of humour! (Ethel has advised that at RADA Peter met and wrote a speech for
Marilyn Monroe – Ed)
It is an amazing story but even more improbable is the fact that in his youth
Peter was the drummer in a traditional jazz band called the 'Gut Bucket Six' who
used to play at the dances run by Birmingham University's Student's Guild”.
(Apparently on one occasion, Peter got so carried away with his drumming that
the main artist turned round and asked “who’s concert is this!” -Ed)
Mike Pollak, a key member of Moseley’s Communications Team since the Grand Hotel
vote provides an appreciative view of Peter’s more recent contribution to the
“I worked closely with Peter over the past five years as he produced his weekly
Big Match Preview and Match Programme notes. My job was just to type up what
Peter had hand-written and email it onwards to those producing Moseley Matters
and the programme.
Peter relished his weekly task of putting together a wonderfully well-informed
preview that effortlessly spanned our opponent’s history, players to watch out
for, previous encounters, and of course quirky anecdotes and humorous asides. He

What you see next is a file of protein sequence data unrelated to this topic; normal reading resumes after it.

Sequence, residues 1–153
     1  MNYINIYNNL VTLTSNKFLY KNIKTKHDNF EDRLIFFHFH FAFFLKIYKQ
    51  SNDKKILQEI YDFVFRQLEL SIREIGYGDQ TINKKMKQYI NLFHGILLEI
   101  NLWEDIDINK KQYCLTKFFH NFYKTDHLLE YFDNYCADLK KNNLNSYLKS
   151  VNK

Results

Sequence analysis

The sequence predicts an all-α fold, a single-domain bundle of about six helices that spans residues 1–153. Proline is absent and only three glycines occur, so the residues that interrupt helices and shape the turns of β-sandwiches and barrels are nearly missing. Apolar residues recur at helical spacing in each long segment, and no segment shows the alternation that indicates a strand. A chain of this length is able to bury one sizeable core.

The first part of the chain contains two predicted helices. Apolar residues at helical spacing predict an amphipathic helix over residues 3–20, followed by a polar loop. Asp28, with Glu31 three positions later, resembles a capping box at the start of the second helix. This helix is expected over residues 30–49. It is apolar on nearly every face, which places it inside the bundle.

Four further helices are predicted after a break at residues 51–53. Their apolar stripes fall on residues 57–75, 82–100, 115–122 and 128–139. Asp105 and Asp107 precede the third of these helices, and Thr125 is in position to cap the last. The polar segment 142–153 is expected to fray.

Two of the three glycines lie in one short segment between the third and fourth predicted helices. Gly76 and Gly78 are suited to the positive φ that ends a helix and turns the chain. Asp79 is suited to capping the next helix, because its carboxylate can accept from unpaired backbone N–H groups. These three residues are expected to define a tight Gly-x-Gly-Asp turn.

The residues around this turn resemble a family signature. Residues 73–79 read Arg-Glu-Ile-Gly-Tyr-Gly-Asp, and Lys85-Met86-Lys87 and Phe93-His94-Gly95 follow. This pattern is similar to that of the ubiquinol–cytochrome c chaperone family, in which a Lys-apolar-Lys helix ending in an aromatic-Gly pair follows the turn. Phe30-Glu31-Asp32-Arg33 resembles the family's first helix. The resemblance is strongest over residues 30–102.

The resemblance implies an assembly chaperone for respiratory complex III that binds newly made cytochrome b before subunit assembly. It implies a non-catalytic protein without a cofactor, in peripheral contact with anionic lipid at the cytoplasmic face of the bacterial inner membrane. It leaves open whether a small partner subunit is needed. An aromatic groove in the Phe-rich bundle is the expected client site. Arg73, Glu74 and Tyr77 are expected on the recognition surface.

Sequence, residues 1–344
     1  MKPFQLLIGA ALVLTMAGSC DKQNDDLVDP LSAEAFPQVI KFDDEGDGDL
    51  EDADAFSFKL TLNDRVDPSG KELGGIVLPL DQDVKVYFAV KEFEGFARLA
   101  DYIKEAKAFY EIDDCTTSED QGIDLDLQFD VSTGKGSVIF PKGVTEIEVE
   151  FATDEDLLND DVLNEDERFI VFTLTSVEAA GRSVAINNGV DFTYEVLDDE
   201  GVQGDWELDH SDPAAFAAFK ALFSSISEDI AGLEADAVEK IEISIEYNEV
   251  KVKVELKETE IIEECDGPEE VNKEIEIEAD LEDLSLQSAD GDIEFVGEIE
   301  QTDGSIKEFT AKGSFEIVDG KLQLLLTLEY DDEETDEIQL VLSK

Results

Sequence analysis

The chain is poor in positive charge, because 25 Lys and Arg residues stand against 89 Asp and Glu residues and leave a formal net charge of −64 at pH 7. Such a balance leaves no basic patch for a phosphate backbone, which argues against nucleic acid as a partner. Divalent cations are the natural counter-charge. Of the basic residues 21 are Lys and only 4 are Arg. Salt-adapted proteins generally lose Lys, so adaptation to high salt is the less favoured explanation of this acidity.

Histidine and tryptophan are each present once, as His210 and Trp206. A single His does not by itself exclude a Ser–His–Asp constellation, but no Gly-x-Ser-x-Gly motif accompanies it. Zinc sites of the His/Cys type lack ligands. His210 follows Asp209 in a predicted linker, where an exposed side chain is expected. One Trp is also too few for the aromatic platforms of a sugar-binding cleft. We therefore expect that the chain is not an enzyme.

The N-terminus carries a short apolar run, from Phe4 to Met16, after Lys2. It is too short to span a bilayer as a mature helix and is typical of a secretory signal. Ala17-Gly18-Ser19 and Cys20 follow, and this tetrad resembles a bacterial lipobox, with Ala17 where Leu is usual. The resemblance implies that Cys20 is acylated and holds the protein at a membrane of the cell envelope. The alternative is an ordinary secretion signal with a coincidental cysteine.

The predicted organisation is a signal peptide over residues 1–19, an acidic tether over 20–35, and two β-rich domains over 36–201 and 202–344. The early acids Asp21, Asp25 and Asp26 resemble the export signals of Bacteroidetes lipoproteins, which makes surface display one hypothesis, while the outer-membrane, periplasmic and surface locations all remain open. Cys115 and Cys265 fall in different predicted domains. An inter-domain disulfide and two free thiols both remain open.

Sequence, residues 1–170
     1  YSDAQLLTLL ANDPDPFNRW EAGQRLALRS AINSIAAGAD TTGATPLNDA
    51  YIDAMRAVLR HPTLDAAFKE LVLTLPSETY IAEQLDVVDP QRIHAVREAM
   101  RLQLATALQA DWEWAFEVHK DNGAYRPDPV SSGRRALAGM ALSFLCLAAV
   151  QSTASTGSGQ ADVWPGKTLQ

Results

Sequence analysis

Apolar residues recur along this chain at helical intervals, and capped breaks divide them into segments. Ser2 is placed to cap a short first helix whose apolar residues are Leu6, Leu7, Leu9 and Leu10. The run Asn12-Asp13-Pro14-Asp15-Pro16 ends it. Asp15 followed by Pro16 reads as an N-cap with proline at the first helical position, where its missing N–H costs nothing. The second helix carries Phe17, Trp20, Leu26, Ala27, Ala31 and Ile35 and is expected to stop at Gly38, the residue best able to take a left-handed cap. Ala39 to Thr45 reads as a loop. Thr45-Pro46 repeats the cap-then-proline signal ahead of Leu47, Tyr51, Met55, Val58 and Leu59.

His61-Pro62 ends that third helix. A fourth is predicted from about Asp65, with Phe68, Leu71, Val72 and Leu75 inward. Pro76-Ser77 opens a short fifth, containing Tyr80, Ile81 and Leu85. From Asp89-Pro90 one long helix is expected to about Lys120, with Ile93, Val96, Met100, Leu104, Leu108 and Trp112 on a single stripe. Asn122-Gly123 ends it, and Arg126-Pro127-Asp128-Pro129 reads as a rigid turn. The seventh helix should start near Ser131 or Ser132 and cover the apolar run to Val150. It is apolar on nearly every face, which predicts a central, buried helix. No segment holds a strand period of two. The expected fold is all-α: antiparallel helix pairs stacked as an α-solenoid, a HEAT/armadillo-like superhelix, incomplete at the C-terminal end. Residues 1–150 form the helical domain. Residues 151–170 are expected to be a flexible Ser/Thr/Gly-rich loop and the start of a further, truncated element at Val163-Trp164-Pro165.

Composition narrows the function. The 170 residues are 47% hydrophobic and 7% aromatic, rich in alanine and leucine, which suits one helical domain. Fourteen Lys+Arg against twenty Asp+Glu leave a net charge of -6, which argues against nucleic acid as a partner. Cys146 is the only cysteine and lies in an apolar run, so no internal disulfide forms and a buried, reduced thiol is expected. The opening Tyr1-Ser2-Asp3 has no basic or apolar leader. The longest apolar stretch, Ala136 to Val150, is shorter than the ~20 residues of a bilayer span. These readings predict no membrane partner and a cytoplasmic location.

could never resist an apposite intro such as that for the game against Doncaster
last season: “It’s going to be quite a joust on Saturday when the newly named
Doncaster Knights sally forth from their Castle (Park) to do battle with Moseley
in a National One encounter providing good sport for spectators bearing the
colours of their teams.”
He could be relied upon, too, to remember player connections between clubs going
back decades and it was Peter who provided chapter and verse about the long-lost
Moseley Cup that was resurrected when Coventry moved to the Butts Arena and was
played for when the two teams met again last season.
Where he got his up-to-date information from was a miracle to me – he had no
internet access and was computer illiterate. Much of it he carried in his head,
but his tiny office – converted from what was probably his bungalow’s cloakroom
– was crammed floor to ceiling with reference books, old programmes, Rugby
Times, Daily Telegraph sports pages and his own notes from years past.
That’s apart from the overflow archive material that was housed in a lean-to and
in his conservatory and occasionally prompted a gentle inquiry about its
permanence from his loving and accommodating wife Ethel. Peter considered
reorganising the archives as work in progress…